Interview with Alberto Balengo

Published 2019-05-13.
Name some literary influences.
For short form fiction: Dino Buzzati, Augusto Monterosso, Heinrich Böll, Kafka, Hans Christian Andersen, Ovid. Among Americans, I enjoy Lydia Davis, Jack Matthews and Michael Martone.
Why add story notes at the end? Shouldn't stories be able to stand on their own? Isn't it jinxing to talk about your own creations?
Perhaps, but I wanted to mention related book titles and curious aspects about the composition of the stories. Most of these backstage details have little bearing on whether a story succeeds or what it is supposed to mean.
If you could be any animal, what would you be?
This answer will vary according to my mood and time of day, but currently I like the idea of being an insect (any insect) and getting to fly about anywhere without regard to what the mammals are doing. Do you think bumble bees care about (or even notice) the stock market or the latest Toyota? Recently I have been reading "Ends of the World" by Peter Brannen and "Sixth Extinction" by Elizabeth Kolbert; I was struck by descriptions of species which died out in previous extinctions. It's hard enough trying to get inside the consciousness of a species now on earth; just imagine how difficult it would be to imagine creatures from the Ordovician period. (I guess only sci fi authors are brave enough to try.)

A while back I heard an incredible BBC radio play by Michael Symmons Robert, "Progress of the Soul of Lizzie Calvin." The play was about a "soul" who leapt from one living creature to another and assumed their consciousness. What magnificent magic!
Did anything in your personal life inspire you to write the "Cure"?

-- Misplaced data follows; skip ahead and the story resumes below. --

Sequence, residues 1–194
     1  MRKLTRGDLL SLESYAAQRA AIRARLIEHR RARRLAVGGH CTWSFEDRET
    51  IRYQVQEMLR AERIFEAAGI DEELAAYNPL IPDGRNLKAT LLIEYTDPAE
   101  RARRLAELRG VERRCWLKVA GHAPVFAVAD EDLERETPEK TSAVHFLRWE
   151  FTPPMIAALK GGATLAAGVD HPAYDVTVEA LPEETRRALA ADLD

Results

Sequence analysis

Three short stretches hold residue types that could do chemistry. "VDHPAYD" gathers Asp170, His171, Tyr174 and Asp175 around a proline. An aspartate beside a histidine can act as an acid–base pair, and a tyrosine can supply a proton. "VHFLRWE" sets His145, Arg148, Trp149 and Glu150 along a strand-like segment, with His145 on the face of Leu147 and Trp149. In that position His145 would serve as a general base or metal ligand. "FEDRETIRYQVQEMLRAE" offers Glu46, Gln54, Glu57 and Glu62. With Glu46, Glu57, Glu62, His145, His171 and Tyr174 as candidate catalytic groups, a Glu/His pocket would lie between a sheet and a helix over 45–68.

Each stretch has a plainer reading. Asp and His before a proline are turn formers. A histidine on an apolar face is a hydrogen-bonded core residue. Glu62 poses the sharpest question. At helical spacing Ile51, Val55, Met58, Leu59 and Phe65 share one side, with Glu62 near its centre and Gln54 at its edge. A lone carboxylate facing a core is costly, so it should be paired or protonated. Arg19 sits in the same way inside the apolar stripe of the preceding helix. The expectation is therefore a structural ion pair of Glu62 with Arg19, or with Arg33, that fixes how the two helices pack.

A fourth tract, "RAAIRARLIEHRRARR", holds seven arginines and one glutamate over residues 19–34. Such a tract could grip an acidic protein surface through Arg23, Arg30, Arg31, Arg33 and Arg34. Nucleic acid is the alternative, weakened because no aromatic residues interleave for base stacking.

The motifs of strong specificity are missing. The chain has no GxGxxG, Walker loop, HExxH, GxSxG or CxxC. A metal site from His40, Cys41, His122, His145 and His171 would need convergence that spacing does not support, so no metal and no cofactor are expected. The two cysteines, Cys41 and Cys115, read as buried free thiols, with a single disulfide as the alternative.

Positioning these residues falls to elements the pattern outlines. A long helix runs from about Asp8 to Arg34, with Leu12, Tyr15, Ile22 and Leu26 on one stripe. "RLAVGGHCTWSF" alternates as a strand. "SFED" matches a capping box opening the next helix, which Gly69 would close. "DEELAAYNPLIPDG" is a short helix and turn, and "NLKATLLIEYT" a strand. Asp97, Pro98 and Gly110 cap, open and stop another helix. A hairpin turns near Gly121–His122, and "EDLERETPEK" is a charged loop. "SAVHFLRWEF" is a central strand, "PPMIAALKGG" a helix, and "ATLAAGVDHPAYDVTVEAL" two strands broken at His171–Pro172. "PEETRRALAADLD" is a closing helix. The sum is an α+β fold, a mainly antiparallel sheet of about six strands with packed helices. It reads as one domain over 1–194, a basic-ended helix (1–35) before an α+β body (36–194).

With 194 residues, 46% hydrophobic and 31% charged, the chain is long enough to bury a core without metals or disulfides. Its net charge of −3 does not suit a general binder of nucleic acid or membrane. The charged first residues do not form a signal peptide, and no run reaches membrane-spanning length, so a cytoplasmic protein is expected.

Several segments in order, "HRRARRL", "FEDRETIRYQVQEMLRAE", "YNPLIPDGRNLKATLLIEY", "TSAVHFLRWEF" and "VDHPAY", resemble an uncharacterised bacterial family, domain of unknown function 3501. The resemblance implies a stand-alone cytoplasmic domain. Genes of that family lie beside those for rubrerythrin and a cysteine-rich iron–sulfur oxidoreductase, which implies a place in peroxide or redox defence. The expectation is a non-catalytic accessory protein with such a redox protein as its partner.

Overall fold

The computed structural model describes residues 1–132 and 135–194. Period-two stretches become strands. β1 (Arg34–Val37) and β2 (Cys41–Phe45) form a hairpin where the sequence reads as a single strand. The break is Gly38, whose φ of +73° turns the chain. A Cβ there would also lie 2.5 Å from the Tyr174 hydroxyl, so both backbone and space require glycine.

Not really, though after finishing the story, I learned about the ridiculously complicated drug regimens of some older people I know. I certainly respect medical science, but at some point it becomes hard to tell if the medication is oppressing you more than the ailment.
How autobiographical is the "Indolence: Notebook" piece?
I certainly incorporate autobiographical details into this essayistic piece and other stories. For example, no person in Texas can or should avoid breakfast tacos. And I lose keys more often than the average person. But these details are mostly unimportant. I enjoy playing around with ideas and expressing tentative support for them within a book. Alas, the more one tries to be autobiographical, the more tempting it is to lie!
How does this story collection fit in with your other projects?
Not at all! This volume came about by accident. I have been working forever on other projects without publishing anything. Finally in 2014, I decided that I needed to scrounge together some of my old stories and publish SOMETHING. As soon as I realized that, I came up with a title and wrote a few more stories that seemed to fit. Interestingly one of the stories I wrote became so big that I had to kick it out. "Deletionist" was one of the last stories I wrote – it's slightly long and different in tone from the other stories, but is thematically related.
How has living in Texas affected what you write about?
Not at all! These stories could describe anywhere -- and could have been written from anywhere -- Bolivia, Mozambique, Albania, Cambodia. Sure, maybe place indirectly affects me (in terms of subject matter or word choice). But place only matters when you are creating atmosphere or describing an individual's role in society -- I am doing neither of these things here.
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Books by This Author

Minor Sketches and Reveries (Stories)
Price: $0.99 USD. Words: 54,400. Language: English. Published: November 1, 2020 by personvillepress. Categories: Fiction » Literature » Literary, Fiction » Literary collections » American / General
These introspective tales feature animals, allegories and melodramas of everyday life. At the center of the stories are tiny creatures (a sparrow, earthworm or paperclip) struggling to make sense of larger mysterious forces. Human protagonists are equally perplexed by ordinary events – like searching for a lost key, watching late night TV, or eating a taco.